The volcanic island of Lanzarote is home to one of the greatest wonders of the earth, Timanfaya National Park.
A four-hour plane journey from the UK, Lanzarote is one of Spain’s most tranquil island destinations. One of 13 Canary Islands, Lanzarote is in the Atlantic Ocean, off the northwest coast of mainland Africa.
Lanzarote is one of the top holiday destinations for European tourism for its subtropical temperatures and long stretches of gorgeous beaches. What’s more, Lanzarote has volcanic origins, in its wake leaving a unique and fascinating landscape.
Lanzarote is volcanic in origin, which gave it its stunning, lunar landscape. In the region of Yaiza, you can find Timanfaya National Park. Visiting the volcanoes is a must when visiting the island. Most of the volcanoes are extinct, with only a few that are still active. The park also gives some geothermal demonstrations from the volcanic pits, and the El Diablo restaurant also utilizes this heat for cooking.
The park is made up of black, volcanic soil. Walking through the park’s scenery is a breathtaking experience, the Fire Mountains, to its rare plant species. We recommend that when visiting the park, you try to get on one of the bus tours that go through the mountains on the steep roads.
About the Park
Located in an incredible volcanic landscape, the Timanfaya National Park covers a quarter of the island. The island was created over a six-year period of continuous volcanic activity, with eruptions taking palace between 1730 and 1736. It’s estimated that 2,000,000,000m3 of lava erupted out from more than 100 volcanoes onto previously fertile land and villages, as well as reclaiming some land from the sea.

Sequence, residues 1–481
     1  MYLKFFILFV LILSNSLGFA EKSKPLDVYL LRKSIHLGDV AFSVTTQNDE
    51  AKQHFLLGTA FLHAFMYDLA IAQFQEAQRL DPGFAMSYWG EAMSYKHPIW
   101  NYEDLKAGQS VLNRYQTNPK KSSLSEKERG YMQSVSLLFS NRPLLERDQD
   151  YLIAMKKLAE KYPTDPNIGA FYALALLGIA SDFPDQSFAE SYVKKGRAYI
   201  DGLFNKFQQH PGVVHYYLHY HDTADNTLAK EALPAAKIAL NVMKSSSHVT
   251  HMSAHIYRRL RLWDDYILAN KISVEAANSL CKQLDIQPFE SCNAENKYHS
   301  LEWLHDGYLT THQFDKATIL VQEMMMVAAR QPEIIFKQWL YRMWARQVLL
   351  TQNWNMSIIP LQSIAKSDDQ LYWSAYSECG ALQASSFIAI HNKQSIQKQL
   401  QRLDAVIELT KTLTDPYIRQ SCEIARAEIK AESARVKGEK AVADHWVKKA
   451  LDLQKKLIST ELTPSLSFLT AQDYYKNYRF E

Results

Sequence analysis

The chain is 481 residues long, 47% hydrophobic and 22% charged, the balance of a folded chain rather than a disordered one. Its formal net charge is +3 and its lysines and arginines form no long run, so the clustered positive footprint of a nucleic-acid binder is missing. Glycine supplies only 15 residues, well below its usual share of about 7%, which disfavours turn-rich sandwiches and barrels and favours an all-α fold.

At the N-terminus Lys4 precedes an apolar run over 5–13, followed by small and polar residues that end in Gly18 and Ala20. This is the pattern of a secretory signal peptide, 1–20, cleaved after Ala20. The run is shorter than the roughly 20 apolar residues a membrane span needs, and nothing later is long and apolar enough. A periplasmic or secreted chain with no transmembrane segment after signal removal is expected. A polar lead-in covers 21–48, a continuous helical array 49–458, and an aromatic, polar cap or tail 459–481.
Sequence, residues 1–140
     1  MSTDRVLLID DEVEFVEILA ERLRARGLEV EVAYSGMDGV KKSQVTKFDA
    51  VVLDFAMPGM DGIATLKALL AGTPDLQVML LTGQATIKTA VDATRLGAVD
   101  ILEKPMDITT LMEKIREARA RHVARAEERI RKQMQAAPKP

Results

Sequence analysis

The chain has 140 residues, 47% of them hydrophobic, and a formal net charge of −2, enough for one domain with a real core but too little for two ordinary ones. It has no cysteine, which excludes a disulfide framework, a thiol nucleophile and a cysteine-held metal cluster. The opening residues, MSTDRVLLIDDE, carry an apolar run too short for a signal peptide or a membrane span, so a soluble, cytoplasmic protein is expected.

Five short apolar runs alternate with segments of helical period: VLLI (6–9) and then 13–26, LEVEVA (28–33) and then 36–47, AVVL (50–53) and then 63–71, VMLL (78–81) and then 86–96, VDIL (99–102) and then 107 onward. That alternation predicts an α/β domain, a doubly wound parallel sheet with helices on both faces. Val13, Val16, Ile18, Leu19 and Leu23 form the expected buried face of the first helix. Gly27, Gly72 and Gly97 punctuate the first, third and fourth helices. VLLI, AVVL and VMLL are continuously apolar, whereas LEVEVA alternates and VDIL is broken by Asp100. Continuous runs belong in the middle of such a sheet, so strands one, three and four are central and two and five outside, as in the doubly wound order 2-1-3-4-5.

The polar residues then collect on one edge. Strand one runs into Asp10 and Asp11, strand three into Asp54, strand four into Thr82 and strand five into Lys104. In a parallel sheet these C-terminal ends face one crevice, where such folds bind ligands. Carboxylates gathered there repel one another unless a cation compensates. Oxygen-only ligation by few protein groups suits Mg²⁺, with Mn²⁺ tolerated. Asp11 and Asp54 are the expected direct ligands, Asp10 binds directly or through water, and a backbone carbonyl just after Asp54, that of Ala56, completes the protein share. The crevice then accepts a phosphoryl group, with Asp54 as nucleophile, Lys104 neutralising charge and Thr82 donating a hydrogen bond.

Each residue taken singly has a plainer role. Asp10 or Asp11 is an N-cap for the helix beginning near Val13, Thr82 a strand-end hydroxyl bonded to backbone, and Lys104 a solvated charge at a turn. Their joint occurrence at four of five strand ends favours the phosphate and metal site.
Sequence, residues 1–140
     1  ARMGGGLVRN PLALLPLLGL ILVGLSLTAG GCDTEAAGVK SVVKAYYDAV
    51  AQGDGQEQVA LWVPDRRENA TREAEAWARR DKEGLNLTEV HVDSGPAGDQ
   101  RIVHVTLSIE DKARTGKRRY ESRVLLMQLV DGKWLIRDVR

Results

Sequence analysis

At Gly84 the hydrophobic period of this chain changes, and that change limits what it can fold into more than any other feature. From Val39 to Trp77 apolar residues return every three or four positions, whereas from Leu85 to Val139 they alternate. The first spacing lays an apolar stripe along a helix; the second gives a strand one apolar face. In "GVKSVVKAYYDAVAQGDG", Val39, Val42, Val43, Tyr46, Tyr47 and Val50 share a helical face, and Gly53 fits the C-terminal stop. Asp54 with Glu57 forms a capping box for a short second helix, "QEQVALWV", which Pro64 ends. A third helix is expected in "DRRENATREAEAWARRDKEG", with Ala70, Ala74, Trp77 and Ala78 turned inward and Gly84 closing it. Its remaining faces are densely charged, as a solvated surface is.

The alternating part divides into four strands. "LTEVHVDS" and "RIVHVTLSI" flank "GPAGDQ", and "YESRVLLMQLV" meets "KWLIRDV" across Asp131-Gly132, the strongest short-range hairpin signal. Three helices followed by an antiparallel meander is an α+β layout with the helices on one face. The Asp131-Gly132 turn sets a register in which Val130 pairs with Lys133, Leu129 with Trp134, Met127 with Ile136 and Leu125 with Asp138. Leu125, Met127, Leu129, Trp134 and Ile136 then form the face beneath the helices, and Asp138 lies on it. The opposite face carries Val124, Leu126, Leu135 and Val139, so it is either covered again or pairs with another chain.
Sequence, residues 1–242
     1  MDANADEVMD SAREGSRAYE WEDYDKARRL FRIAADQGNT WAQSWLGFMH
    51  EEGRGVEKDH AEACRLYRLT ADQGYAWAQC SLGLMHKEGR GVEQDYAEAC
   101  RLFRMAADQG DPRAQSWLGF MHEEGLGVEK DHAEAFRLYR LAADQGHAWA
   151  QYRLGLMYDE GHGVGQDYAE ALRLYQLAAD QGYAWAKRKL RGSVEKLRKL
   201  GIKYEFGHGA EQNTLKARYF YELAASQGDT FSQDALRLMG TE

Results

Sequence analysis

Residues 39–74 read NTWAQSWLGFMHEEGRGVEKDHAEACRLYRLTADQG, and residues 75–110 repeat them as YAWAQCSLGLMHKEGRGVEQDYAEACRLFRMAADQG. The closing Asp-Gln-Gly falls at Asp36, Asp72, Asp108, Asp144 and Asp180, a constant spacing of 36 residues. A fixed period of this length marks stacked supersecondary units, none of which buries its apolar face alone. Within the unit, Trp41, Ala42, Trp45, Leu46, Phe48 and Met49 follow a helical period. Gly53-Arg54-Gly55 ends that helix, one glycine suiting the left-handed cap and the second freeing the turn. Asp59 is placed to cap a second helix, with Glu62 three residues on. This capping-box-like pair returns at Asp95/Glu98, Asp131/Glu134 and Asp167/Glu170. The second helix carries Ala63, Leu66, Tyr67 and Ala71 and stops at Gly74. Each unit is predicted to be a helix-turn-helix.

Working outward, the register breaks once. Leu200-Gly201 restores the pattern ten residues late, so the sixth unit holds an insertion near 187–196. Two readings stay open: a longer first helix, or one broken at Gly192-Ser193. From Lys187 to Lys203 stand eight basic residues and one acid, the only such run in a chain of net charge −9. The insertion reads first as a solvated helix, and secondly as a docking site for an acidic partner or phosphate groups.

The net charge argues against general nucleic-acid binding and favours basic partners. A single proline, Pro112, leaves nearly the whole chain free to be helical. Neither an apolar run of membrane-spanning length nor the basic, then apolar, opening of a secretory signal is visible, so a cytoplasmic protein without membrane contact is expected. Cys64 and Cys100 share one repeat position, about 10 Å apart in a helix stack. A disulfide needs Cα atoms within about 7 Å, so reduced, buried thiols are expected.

Lanzarote’s dry climate has caused the volcanic landscape to remain relatively unchanged, despite the eruptions taking place almost 300 years ago. Up to 44% of the island’s population emigrated during these years, and so there are no recorded deaths attributed to the eruptions. There were many accounts of livestock being killed by poisonous gases.
When the eruptions came to a cease, the majority of Lanzarote’s fertile land was lost to the thick basalt crust. Fortunately, the locals in La Geria were able to invent new farming methods by digging pits in volcanic ash, and thus allowing the plant roots to reach the fertile soil buried under the dried volcanic ash.
How to Visit Timanfaya
There aren’t any public buses to Timanfaya Park, and so you’ll have to either hire a car or visit the park as part of an organised coach tour. There are two companies called The Grand Tour of Lanzarote and the Lanzarote South Tour that organise visits as part of the itinerary, which includes the park’s entrance fee.
What to Do at the Park
There are many ways to experience the splendour of the volcanic landscape of Lanzarote:
Coach tour – This is the main way to get to see the park. You might feel a bit uneasy as the bus carefully treads its way through the “Ruta de lo Volcanoes”, but we assure you that the views seen from these volcanic heights are simply unforgettable. The coach trip is included in the entry fee. The buses go from the El Diablo restaurant.
Ranger Walks – These groups have limited sports, and so booking is essential. The walks head out on special routes of the park.
Visitor Centre – The park also gives some geothermal demonstrations from the volcanic pits, and the El Diablo restaurant also utilizes this heat for cooking.
Camel Rides – Heading in the direction of Yaiza, you’ll find the Echadero de Camellos. This is where you can head off on a camel ride.